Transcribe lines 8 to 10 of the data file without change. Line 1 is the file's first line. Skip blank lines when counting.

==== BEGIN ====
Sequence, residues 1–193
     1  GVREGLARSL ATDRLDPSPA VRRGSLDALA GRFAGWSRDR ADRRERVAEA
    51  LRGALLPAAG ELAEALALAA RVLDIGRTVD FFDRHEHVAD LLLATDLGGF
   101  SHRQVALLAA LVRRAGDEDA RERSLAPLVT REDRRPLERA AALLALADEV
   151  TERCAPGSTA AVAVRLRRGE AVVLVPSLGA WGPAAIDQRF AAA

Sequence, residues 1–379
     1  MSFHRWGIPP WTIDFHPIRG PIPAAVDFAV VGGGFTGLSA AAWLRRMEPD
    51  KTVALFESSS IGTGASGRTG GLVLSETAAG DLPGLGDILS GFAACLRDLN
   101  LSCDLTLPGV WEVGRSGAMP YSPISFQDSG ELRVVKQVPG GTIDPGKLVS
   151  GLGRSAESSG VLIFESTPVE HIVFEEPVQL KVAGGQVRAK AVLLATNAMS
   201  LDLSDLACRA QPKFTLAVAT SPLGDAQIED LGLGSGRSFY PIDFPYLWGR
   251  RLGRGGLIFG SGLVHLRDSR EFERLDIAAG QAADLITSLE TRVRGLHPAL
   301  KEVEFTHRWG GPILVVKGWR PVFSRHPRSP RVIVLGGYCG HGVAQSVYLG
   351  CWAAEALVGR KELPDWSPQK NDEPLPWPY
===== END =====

    51  KTVALFESSS IGTGASGRTG GLVLSETAAG DLPGLGDILS GFAACLRDLN
   101  LSCDLTLPGV WEVGRSGAMP YSPISFQDSG ELRVVKQVPG GTIDPGKLVS
   151  GLGRSAESSG VLIFESTPVE HIVFEEPVQL KVAGGQVRAK AVLLATNAMS